Henry Reed Feb 22, 1914-Dec 8, 1986

To-day we have naming of parts. Yesterday, We had daily cleaning. And to-morrow morning, We shall have what to do after firing. But to-day, To-day we have naming of parts. Japonica Glistens like coral in all of the neighboring gardens, And to-day we have naming of parts. -- Henry Reed "Naming of Parts"
To-day we have  Henry Reed's birthday. Henry Reed, who wrote one of my favorite poems: Lessons of the War. Reed published this poem in the New Statesman and the Nation August 1942. Superficially, the poem is a soldier's griping in the ill-equipped British army of WWII.  But there is also the dark undercurrent of a man yanked from everyday life and forced to face his own mortality.  Lessons of War has six parts, and it gets more somber as the poem progresses. The "naming of parts" he talks about in the excerpt above is the all-too-familiar experience in basic training: getting to know your personal weapon. Here is part II: Judging Distances.
LESSONS OF THE WAR II. JUDGING DISTANCES Not only how far away, but the way that you say it Is very important. Perhaps you may never get The knack of judging a distance, but at least you know How to report on a landscape: the central sector, The right of the arc and that, which we had last Tuesday, And at least you know That maps are of time, not place, so far as the army Happens to be concerned—the reason being, Is one which need not delay us. Again, you know There are three kinds of tree, three only, the fir and the poplar, And those which have bushy tops to; and lastly That things only seem to be things. A barn is not called a barn, to put it more plainly, Or a field in the distance, where sheep may be safely grazing. You must never be over-sure. You must say, when reporting: At five o'clock in the central sector is a dozen Of what appear to be animals; whatever you do, Don't call the bleeders sheep. I am sure that's quite clear; and suppose, for the sake of example, The one at the end, asleep, endeavors to tell us What he sees over there to the west, and how far away, After first having come to attention. There to the west, On the fields of summer the sun and the shadows bestow Vestments of purple and gold. The still white dwellings are like a mirage in the heat, And under the swaying elms a man and a woman Lie gently together. Which is, perhaps, only to say That there is a row of houses to the left of the arc, And that under some poplars a pair of what appear to be humans Appear to be loving. Well that, for an answer, is what we rightly call Moderately satisfactory only, the reason being, Is that two things have been omitted, and those are very important. The human beings, now: in what direction are they, And how far away, would you say? And do not forget There may be dead ground in between. There may be dead ground in between; and I may not have got The knack of judging a distance; I will only venture A guess that perhaps between me and the apparent lovers, (Who, incidentally, appear by now to have finished,) At seven o'clock from the houses, is roughly a distance Of about one year and a half.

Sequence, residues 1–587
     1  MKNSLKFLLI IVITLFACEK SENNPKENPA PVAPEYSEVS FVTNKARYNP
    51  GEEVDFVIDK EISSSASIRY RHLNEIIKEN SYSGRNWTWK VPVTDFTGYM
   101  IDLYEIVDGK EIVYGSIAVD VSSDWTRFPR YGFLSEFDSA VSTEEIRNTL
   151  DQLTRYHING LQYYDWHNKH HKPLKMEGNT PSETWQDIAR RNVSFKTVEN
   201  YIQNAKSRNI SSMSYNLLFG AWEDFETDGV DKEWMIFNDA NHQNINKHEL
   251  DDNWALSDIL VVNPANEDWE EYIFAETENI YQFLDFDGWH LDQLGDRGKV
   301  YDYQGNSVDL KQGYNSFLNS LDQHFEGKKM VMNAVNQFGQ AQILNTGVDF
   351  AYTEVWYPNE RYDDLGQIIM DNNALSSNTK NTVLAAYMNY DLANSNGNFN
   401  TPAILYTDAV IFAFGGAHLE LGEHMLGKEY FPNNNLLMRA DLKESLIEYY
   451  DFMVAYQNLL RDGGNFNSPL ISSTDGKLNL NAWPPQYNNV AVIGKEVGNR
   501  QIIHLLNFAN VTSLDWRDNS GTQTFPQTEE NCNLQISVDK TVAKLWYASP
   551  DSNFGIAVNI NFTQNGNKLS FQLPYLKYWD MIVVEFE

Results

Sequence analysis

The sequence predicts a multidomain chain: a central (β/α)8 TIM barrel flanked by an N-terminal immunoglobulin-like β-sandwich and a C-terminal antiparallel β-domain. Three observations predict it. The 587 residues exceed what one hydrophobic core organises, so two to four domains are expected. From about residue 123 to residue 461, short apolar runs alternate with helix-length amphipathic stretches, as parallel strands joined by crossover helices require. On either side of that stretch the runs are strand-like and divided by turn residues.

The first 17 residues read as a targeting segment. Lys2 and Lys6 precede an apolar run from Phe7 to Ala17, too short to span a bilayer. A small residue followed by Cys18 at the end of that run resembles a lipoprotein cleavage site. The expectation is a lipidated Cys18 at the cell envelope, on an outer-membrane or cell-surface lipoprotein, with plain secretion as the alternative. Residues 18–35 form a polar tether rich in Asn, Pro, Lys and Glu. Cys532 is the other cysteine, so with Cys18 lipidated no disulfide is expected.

You can read all six parts of Lessons of the War here.
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One Response to “Henry Reed Feb 22, 1914-Dec 8, 1986”

  1. rpg says:

    Naming of Parts is one of my all-time favourite poems. I didn’t realize it was part of a series. Thanks (searches Amazon).